So you have this safe space where anything goes, whether you’re online or in person, because I am that girl has online chapter. All of a sudden you have a room full of sisters and you have a place to talk, [and] a place to feel safe.
OW: You were featured in a set of videos with Refinery29. Can you talk to us about how that partnership came about?
LP: Refinery29 has been in the Carol’s Daughter world for a good five years now, so it’s just sort of natural. We’re going to do something with Kinky Curly. These are the people that you almost think of as your extended family. They’re like cousins. We don’t have the same mom and dad, but there’s a synergy.
OW: How do you feel about the response the campaign has gotten so far?
LP: It’s phenomenal. We can’t even put it into words. I was sitting in a meeting and I think I heard someone say, we might get to 3,000 posts, somebody else aid I was thinking, maybe [5,000] then another person said, if we didn’t get to [20,000] it wasn’t even going to be worth the effort — we’re over [100,000 posts], and more people share with us — it’s just beautiful.
OW: Can you share with us one of the stories from the campaign that really resonated with you?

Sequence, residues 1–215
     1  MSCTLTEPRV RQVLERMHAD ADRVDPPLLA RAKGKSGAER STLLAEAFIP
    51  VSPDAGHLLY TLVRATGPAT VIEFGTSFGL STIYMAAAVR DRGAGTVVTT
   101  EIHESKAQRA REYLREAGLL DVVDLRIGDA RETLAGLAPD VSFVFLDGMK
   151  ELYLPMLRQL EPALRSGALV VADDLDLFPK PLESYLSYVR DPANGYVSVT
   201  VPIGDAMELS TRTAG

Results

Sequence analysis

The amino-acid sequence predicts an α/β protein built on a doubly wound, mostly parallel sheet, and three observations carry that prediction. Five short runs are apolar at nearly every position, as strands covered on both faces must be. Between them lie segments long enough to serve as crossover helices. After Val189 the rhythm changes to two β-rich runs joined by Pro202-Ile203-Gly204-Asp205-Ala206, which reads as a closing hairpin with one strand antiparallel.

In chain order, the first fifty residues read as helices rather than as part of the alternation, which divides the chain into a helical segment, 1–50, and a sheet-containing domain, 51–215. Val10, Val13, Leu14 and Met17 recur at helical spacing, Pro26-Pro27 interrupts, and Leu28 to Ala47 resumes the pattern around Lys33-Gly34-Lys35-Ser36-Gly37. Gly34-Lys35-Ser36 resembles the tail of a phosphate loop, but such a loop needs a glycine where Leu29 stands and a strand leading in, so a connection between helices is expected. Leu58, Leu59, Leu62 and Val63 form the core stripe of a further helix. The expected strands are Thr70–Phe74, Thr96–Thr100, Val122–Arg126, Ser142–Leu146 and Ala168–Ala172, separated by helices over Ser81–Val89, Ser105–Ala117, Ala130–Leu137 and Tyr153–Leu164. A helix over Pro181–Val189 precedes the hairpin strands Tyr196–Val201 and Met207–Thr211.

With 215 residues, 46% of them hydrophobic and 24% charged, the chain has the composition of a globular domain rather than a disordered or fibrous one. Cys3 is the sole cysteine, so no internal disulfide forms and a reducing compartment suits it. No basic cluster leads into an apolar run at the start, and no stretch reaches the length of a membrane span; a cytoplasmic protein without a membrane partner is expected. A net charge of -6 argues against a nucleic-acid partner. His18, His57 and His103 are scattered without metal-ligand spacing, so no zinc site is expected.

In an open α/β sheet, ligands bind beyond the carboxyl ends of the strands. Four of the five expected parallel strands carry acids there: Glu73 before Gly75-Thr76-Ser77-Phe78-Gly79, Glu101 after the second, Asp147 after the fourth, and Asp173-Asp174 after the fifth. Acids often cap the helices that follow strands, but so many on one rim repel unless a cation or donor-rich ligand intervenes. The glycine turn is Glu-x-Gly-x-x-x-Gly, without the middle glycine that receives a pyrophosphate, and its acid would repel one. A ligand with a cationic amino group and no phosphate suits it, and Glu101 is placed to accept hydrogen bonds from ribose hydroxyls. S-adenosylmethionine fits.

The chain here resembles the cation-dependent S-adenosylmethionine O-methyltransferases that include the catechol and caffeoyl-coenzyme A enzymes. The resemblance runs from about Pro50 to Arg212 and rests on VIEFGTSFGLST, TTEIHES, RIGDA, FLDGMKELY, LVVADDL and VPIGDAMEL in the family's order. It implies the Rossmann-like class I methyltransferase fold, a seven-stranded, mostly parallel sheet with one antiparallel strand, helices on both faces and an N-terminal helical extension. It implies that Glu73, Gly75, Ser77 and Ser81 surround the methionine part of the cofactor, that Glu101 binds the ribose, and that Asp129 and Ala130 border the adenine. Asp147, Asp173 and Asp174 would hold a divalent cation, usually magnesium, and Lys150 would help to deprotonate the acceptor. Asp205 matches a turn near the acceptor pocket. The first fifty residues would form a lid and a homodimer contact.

LP: There was one who sent me [her story] in a direct message along with posting it on the site. When she first saw the campaign and read about it, it made her angry, because her story was [that] she came from abusive parents, so she didn’t want to celebrate that in any way, shape or form, but she kept looking.
She went back and said ‘Let me go on the website an look,’ and going on the website and looking she found that people didn’t necessarily do the typical born and made, but did things like ‘born in music, made with fire,’ so in reading that she realized that this was an opportunity for her to rewrite her story, her way.
She wrote her words in a way that empowered her and she encouraged other people, who may have come from a background that wasn’t quite what it should be and maybe walk around feeling ashamed or angry at what people had done to them, and used it as an opportunity to rewrite their story and I just thought that was amazing.
OW: Overall, what do you want to see from this movement?
LP: I think if I step back to before it launched, my goal was to do something different — do something disruptive. Invite people to share. Let them know that we’re still here, that’ we’ve been around long for a long time. We’re still fresh, we’re still relevant and we see you, and we acknowledge you, and we want you to share with us. That’s what I would have said what I wanted the campaign to do, but now that I’ve seen what’s its done, and see other people share, now I feel like, how do we figure out the different ways to take this movement, [to] carry this throughout the year and celebrate the people who share with us.
OW: Any more plans for a movement like this in the future?
LP: I know that before the end of the year you’re probably see something else online in more of a celebratory fashion because there are such beautiful stories and images that are being shared, that we just want more people to see.